The cardiovascular system appears to be one victim. Macrophages play an important role in the development of the fatty plaques that lead to atherosclerosis. And cytokines can make tissues resistant to the effects of insulin and cause inflammation in the blood vessels. Meantime, too much insulin can promote salt retention—and soaring blood pressure. "If I hadn't lost the weight when I did, they say [I'd have had] a heart attack or stroke," says Sheri Fanning, 41, a geriatric care manager and now weight-loss coach in Sparta, Wis., who has heart disease in her family and recently experienced a dangerous blood pressure spike.
Five years ago, Fanning tipped the scale at 192 pounds, and her doctor delivered an ultimatum: Go on hypertension meds for life. Instead, Fanning credits a physician-directed program that offered thrice-weekly weigh-ins, counseling, and a calorie-restricted diet for helping her to get down to a healthy 130 pounds. Taking up marathoning, triathlon, and competitive road biking certainly did its part, too. Though she's been on blood pressure medication since her recent crisis, she was able to keep her numbers down for years without drugs; her doctors say that shedding those pounds and keeping them off probably saved her life.
Cancer experts, too, now strongly advise burning excess fat. In fact, the top recommendation in the new cancer prevention guidelines issued by the American Institute for Cancer Research and the World Cancer Research Fund puts it this way: "Be as lean as possible within the normal range of body weight." That means keeping your body-mass index between 21 and 23—or, for someone who is 5 foot 4, staying between 122 and 134 pounds. "A BMI of 25 increases the risk of postmenopausal breast cancer more than [a BMI] of 21," says Meir Stampfer, who researches nutrition and epidemiology at the Harvard School of Public Health. Extra fat is strongly believed to raise the risk of six types of cancer—esophageal, pancreatic, colorectal, breast (in postmenopausal women), endometrial, and kidney—and possibly gallbladder cancer, too.
The mechanisms that link obesity and cancer are not known, but the usual suspects—insulin resistance and inflammation—are likely players. Research released at December's American Association for Cancer Research conference on cancer prevention found that women with diabetes are 1.5 times more likely to develop colorectal cancer than those who aren't diabetic. "It's possible that fairly high levels of insulin—higher than seen in the prediabetics—are necessary to encourage cancer growth," says Andrew Flood, an epidemiologist at the University of Minnesota. And cytokines released from fat tissue are known to promote tumor growth and cell death.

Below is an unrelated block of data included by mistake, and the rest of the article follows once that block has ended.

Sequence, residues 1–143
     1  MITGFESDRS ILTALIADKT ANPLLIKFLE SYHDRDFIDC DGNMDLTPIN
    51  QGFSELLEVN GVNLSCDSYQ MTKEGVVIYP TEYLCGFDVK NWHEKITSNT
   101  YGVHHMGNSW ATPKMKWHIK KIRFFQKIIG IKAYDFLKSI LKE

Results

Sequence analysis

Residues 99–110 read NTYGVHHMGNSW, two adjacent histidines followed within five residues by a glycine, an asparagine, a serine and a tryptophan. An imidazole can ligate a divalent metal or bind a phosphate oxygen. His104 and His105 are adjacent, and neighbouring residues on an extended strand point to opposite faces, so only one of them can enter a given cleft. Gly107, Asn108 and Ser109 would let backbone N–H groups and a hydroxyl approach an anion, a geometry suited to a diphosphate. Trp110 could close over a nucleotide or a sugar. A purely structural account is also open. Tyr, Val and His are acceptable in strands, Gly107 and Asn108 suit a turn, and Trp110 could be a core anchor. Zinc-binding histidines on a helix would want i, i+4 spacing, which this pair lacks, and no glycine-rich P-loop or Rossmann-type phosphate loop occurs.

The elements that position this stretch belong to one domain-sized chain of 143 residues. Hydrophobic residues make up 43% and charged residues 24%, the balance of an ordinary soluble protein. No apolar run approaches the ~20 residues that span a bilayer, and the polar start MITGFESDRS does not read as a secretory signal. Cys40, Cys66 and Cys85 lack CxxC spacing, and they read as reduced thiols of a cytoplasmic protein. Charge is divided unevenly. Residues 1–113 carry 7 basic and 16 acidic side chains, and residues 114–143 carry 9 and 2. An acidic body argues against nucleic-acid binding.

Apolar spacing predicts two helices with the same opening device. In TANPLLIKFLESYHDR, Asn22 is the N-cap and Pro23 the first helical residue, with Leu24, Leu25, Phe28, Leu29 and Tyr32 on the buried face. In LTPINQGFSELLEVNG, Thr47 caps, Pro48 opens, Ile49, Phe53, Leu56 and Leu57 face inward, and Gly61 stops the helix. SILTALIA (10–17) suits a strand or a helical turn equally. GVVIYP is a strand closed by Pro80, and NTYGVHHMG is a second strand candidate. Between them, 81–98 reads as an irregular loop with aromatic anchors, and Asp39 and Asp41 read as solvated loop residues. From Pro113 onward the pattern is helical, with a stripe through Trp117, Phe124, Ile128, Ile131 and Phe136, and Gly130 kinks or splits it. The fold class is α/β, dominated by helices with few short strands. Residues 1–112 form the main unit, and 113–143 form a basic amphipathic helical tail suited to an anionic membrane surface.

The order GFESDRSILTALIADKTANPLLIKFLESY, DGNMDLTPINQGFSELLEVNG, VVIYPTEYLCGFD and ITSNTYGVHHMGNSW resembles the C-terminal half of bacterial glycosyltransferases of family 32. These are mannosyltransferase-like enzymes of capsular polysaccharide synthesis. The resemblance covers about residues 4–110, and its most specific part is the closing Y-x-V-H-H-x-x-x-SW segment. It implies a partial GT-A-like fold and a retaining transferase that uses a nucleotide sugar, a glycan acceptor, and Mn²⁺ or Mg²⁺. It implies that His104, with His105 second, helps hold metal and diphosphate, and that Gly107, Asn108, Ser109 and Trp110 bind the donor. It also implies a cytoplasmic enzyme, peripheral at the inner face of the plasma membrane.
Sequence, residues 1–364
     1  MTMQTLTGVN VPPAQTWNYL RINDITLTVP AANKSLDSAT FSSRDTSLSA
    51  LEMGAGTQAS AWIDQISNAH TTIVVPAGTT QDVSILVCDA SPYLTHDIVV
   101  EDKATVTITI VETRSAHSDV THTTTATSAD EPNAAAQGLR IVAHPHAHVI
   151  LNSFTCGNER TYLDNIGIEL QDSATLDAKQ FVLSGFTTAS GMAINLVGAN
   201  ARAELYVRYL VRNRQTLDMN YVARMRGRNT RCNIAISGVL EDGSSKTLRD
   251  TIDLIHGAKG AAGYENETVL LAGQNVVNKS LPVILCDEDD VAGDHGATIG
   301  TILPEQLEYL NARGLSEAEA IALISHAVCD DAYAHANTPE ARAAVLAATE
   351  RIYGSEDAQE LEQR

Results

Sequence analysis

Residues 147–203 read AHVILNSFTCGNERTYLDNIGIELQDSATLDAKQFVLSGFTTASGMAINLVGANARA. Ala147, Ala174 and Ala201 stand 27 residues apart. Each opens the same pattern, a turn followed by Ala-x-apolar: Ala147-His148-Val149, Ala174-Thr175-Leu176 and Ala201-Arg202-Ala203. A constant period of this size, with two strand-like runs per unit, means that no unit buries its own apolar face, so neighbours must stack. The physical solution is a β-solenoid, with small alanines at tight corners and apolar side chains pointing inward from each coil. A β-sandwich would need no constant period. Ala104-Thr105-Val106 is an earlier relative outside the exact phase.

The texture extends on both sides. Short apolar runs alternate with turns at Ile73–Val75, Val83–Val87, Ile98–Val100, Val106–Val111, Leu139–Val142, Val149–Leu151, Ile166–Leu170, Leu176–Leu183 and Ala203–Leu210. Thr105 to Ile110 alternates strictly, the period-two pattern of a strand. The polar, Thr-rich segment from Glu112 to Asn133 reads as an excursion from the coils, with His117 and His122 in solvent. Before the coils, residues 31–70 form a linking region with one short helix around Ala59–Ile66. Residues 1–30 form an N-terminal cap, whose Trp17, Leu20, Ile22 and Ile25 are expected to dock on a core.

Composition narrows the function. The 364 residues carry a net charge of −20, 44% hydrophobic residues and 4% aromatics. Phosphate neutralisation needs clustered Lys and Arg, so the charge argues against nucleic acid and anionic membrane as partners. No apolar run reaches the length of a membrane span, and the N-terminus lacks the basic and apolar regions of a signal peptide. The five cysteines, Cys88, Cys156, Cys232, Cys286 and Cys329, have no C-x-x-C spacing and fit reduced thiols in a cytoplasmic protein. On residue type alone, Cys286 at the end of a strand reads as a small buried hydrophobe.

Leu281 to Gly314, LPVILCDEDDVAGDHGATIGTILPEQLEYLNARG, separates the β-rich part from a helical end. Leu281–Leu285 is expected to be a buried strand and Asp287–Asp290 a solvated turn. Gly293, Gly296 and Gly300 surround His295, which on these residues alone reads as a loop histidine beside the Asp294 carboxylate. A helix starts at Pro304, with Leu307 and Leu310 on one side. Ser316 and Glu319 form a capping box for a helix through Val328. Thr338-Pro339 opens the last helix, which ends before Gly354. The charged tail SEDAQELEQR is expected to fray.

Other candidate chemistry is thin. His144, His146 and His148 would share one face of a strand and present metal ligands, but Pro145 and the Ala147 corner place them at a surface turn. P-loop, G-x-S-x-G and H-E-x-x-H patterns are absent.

Fatty liver. The workhorse of the body takes a beating, too. For example, when a person carries a surplus of fat, the liver—which is responsible for the breakdown of insulin, sugars, hormones, and lipids—less effectively produces a protein that helps move fat out. So most chronic overeaters end up with fat stored in this organ. Nonalcoholic fatty liver disease, when severe, results in rampant inflammation and scarring and is projected to be the most common reason for liver transplant by 2020.
"I probably had a week to live," says Bill Mackey, an engineer in Rochester, Minn., who once weighed 350 pounds and got a transplant in 2003 after developing liver failure. Through a yearlong recovery and adjustment to antirejection drugs, Mackey, 60, dropped down to 225 pounds, though he has crept back up to 275 these days. His doctor says this is typical in such patients, as is some reaccumulation of fat in the liver. "That tells you this is not a liver problem," explains Mayo's Charlton. "It's a whole-body problem, an endocrine problem associated with hormones, overnutrition, and some susceptibility factor we're still trying to identify."